Esri Federal User Conference Proceedings 2005

The 2005 Esri Federal User Conference Proceedings is a compilation of professional abstracts and presentations delivered February 1–3, 2005, in Washington, D.C. Esri users contributed a fundamental part to the conference by submitting and presenting their presentations on a diverse collection of GIS applications. The proceedings promote GIS application by stimulating users to share their experiences and knowledge.

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Best Practices (BPR)

Integrating Esri Geodatabases and Oracle RDBMS in The National Map
View presentation [PDF-3.69 MB]
Author(s): Dwight S. Hughes, USGS
Geodatabases can be started from scratch and developed entirely within the Esri environment. However, others can evolve from an existing Oracle RDBMS with its own applications and data maintenance processes built with Oracle tools. What can be done to optimize the complementary capabilities of both the Esri GIS and the Oracle relational environments? How can the hierarchical structure of the geodatabase be reconciled with an existing complex relational design without unnecessary duplication of data or processes? How can GIS and text-based applications be merged, leveraging both for optimum user access and data maintenance over the Web? The USGS faced these issues when designing the Structures, Boundaries, and Names layers of The National Map and integrating them with the Geographic Names Information System (GNIS). This presentation will discuss the issues, problems, answers, and proposed answers to optimizing the Esri GIS and Oracle RDBMS paradigms in the same system without constraining either.

Defense Command and Control Systems (DEF)

Increasing Situational Awareness via UAV Video Feeds in GIS Applications
View presentation [PDF-467 KB]
Author(s): Lt. Col. Ricky E. Sward, HQ USAFA/DFCS; Tim R. Beerman, HQ USAFA/CEPD
With the emergence of UAVs and the video payloads available onboard, the integration of sensor data into a common framework referenced in a geodatabase is becoming more desirable.

The USAF Academy’s UAV Research Group, a 25-member multi-disciplinary team, and the Academy’s Geo Integration Office are developing a prototype UAV Situational Awareness Tool that will connect the commander in a command center to the video feed from an operational UAV. The prototype is being built as an Esri ArcObjects extension for ArcGIS 9 that displays a moving UAV on the spatial data from the geodatabase and streams the video data to an embedded video viewer in the map. The result is a fusion of the UAV’s location and video feed into a common frame of reference. Using this tool in a command center during dynamic situations will increase the situational awareness of Air Force Commanders.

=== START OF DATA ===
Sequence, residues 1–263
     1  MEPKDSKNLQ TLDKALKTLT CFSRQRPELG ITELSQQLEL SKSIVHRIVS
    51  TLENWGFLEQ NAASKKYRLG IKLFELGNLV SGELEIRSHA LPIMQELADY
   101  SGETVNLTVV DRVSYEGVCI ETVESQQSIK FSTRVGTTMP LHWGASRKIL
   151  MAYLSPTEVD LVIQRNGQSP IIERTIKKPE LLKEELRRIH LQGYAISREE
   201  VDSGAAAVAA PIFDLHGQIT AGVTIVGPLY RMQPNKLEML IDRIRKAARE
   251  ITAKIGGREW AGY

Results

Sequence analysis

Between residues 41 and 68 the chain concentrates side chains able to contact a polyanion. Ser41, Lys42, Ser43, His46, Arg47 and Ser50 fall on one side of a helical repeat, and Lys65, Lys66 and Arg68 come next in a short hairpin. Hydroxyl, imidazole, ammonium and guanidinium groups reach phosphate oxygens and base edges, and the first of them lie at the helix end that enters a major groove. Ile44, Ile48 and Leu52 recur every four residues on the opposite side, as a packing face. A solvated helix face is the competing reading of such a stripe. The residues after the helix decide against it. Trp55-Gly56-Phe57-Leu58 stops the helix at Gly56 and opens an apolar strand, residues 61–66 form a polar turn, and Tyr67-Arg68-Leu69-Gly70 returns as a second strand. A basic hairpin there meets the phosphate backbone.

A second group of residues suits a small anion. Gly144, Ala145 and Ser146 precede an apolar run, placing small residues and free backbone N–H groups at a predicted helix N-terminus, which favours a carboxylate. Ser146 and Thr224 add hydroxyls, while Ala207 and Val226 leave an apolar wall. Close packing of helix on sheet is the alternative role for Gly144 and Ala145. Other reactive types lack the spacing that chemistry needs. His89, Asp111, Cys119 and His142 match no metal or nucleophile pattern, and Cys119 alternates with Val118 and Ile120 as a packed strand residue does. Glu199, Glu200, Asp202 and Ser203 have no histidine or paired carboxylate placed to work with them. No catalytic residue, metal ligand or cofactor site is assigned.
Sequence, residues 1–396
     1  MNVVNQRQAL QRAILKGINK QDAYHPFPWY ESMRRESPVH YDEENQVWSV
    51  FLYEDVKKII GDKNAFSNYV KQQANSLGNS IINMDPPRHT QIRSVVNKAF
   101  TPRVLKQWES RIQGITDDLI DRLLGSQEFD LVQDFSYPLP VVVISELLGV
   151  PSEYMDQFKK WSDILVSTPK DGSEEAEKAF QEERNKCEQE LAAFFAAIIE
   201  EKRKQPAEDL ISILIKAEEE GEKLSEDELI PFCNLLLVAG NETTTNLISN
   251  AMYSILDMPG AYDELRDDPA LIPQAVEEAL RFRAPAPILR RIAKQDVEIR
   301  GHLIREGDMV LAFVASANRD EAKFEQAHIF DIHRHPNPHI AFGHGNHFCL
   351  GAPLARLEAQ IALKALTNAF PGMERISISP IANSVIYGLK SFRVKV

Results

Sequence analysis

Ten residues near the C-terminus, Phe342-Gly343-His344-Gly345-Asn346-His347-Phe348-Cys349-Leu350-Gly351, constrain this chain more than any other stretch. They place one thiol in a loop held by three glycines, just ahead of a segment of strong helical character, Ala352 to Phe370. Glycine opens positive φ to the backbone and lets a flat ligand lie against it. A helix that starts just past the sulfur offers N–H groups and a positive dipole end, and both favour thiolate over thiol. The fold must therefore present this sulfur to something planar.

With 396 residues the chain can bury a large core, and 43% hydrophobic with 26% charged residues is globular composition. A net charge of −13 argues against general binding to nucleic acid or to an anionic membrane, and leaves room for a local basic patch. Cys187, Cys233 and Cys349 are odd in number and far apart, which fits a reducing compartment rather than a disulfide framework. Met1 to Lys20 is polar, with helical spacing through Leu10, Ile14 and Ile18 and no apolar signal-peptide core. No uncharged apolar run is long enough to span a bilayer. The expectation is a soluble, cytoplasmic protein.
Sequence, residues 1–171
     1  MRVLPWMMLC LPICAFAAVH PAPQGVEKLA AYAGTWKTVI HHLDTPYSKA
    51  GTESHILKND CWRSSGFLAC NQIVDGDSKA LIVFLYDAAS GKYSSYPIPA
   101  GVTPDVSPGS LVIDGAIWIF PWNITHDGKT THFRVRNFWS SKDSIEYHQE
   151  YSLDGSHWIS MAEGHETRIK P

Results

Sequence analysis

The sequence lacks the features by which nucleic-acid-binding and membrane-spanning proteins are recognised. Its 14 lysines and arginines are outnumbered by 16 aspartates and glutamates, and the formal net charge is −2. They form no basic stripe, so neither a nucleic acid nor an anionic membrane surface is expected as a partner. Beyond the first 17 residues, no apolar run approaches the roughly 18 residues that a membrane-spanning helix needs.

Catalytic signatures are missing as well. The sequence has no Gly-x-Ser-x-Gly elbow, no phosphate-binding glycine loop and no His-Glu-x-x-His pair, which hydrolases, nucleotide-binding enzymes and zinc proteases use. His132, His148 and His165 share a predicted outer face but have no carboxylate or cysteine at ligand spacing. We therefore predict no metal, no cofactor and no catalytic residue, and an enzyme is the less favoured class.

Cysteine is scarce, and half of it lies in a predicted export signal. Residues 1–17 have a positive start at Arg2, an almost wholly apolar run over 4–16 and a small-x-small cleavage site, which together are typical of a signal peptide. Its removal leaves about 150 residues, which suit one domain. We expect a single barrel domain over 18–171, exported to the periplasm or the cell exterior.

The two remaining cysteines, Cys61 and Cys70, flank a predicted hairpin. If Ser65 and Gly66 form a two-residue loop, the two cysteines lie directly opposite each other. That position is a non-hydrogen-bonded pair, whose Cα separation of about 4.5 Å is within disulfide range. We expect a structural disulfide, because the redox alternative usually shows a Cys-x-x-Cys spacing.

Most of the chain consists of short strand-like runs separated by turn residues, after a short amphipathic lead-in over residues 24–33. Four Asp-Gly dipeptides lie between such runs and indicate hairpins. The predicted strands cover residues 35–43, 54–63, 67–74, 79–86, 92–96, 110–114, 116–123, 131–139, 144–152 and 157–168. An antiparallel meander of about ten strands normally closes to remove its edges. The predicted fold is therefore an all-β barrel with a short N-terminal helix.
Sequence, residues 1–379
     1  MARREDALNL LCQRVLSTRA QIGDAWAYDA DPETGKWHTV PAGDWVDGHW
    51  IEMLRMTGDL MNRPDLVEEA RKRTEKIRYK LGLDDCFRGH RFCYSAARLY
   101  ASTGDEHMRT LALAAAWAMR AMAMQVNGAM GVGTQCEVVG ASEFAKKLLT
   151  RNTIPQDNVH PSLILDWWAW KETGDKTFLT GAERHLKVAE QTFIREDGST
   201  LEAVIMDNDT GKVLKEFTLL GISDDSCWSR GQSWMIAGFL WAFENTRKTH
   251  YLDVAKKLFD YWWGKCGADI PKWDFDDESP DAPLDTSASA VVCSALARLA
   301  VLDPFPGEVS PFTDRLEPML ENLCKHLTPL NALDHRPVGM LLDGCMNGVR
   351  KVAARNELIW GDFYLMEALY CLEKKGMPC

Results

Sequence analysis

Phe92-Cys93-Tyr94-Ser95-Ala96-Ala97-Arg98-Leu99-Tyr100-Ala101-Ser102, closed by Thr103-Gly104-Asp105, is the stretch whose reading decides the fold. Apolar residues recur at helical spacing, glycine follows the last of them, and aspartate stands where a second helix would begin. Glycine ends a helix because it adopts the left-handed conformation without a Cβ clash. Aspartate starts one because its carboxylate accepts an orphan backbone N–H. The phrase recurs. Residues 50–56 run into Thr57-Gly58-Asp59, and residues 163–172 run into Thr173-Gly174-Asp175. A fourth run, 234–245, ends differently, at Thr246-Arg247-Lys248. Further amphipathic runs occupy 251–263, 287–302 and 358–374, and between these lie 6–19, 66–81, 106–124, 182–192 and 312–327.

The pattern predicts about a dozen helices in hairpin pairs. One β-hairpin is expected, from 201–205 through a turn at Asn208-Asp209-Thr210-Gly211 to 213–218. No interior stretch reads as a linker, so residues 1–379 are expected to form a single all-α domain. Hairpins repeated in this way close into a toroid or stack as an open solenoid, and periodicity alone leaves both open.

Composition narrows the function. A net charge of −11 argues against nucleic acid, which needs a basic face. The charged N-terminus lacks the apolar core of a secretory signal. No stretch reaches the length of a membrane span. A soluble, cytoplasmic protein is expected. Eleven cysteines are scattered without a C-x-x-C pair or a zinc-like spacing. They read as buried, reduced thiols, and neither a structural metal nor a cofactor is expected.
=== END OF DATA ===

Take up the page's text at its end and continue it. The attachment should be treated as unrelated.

GIS for the Intelligence Community (GIC)

IRRIS: Logistics Situational Awareness Worldwide
View presentation [PDF-660 KB]
Author(s): Paul Allred, SDDCTEA; and Brendan Wesdock, GeoDecisions
Military Surface Deployment and Distribution Command Transportation Engineering Agency (SDDCTEA) and GeoDecisions have developed IRRIS ( technology. Critical goals of this tool are:
  • Provide a common interface into a system that provides a “one stop shop” to information.
  • Provide real-time information.
  • Integrate all information into one common operating picture.
  • Be flexible to handle the latest technological advancements.
  • Be scalable to handle small local issues as well as significant regional and national events.
This presentation will consist of a brief project description and demonstration. IRRIS has proven to be a very effective logistics and decision support tool for the military and emergency response. IRRIS has allowed SDDCTEA ( to streamline military logistics, reducing the time and costs for military training and operations. IRRIS provides the military and Department of Defense (DoD) with greatly improved logistics situational awareness worldwide.

GIS Use in Enabling Decision Making (DEM)

Determining Building Vulnerability by Natural and Man-Made Hazards
View presentation [PDF-88 KB]
Author(s): Sylvia Kendra, Smithsonian Institution; Dr. Michael Chipley, PBS&J
The Smithsonian Institution manages approximately 660 buildings and receives about 17 million visitors per year. This year, the Smithsonian’s Office of Protection Services launched a geospatial project designed to increase safety and security of visitors and staff. By utilizing existing software applications and collecting geospatial data specific to each site, we will have the ability to create scenarios for potential hazards, both natural and man-made, and take corrective action before a crisis exists. The project was initiated in early summer 2004 and holds high promise for success. Data collection is currently underway at the 29 Smithsonian Institution sites and campuses. These sites are located primarily in the Washington, D.C., mall area but also in remote locations such as the Arizona desert, Hawaii highlands, and Panama islands. Primary software used: Esri ArcGIS, ArcGIS Spatial Analyst, and FEMA HAZUS.
GIS and Utilities: Providing Solutions to the Navy
View presentation [PDF-50 KB]
Author(s): Sandrine Bielmann, NAVFAC MidAtlantic
The NAVFAC Mid-Atlantic Energy and Information Division has an ongoing effort to develop a rigorous GIS database for the Utility commodities throughout the region. SDS compliant geodatabases have been developed, geometric network created and applications are now being built to support day-to-day maintenance and use of the data. This talk will discuss several of the ongoing efforts to include the ArcIMS redline tool for tracking and making changes to the data, development of new meter reading routes using ArcLogistics, use of ArcGIS Schematics to develop Outage Reports and Utilities Consumption Analysis to drive utilities costs down.
GIS Usage at USAID/WBG as Management/Reporting Tool
View presentation [PDF-737 KB]
Author(s): Tayseer Edeas, USAID